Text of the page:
What to eat & drink to beat the heat

Well, it seems I’m often writing about the seasons, but as I sit here in this 90…something degree day and what’s a Practitioner of Chinese Medicine to do, but talk about keeping the body cool in the heat.

What to Drink

One of the first things people often ask me is, if it is healthy or unhealthy to drink cold liquids?  Well, it depends because there are differing opinions.

On one hand, it is believed that cold liquids constrict the blood vessels and thus decreases heat loss from the body.  Singers and people who use their voice a lot are often told to drink room temperature water so their blood vessels stay open.

On the other hand, there is research that shows cold drinks cools down they body.  This new research shows that in cold climates, people should avoid really cold drinks because it can lead to heat loss.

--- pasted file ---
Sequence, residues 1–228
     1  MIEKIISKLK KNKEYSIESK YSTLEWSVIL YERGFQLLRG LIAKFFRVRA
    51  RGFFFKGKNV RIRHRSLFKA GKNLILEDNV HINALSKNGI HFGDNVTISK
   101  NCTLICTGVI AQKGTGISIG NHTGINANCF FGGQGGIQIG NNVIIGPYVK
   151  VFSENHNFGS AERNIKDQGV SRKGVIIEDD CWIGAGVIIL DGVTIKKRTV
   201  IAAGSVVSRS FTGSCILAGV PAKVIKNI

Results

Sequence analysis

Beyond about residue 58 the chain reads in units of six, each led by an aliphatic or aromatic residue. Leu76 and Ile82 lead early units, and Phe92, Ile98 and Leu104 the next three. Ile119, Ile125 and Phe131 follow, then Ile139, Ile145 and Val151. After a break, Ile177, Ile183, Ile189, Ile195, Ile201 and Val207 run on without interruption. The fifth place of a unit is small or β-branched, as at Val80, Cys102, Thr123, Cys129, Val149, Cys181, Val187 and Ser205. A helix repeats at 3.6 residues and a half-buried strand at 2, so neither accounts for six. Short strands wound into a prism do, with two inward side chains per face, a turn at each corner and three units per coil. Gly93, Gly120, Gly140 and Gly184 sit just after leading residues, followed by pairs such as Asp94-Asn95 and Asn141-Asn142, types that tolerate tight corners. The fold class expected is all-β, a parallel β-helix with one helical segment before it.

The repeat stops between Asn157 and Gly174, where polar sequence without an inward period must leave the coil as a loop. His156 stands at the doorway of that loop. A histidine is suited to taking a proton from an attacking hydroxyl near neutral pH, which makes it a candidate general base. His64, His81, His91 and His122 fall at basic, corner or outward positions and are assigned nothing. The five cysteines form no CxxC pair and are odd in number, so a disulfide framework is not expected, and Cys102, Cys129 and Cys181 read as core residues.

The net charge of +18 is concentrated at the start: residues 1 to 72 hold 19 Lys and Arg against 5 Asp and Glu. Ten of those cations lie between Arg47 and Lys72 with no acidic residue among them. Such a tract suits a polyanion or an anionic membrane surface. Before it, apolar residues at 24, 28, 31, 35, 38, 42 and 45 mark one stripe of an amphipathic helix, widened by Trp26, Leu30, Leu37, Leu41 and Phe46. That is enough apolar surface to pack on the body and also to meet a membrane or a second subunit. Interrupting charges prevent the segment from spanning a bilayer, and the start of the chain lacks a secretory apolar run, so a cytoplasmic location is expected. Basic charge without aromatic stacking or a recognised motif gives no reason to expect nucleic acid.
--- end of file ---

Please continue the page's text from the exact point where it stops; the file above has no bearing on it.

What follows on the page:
So it is most important to listen to what your body needs.  I prefer room temperature drinks, but on a hot day, I’ll add a few ice cubes for a nice refreshing drink.

No matter temperature the drinks are drink more water when it’s hot!  I know you may want soda and juice, but water is the best thing to hydrate the body.

But don’t fret if you grow tired of plain water.  You can also have some Coconut Water.  Coconut water is a popular trend right now and it’s great for you because it contains simple sugars, electrolytes and minerals to help you rehydrate. Electrolytes and minerals are often depleted when we sweat, so replenishing them is key to staying healthy. On a hot day, you tend to sweat a lot as the body looks for ways to stay cool.  But sweating causes you to lose essential minerals which can make you feel sluggish and light headed. Coconut water is a great way to replenish those electrolytes and minerals.

Electrolyte waters like Smart Water are also great, but make sure you stay away from the sugary electrolyte drinks; it contains way too much sugar.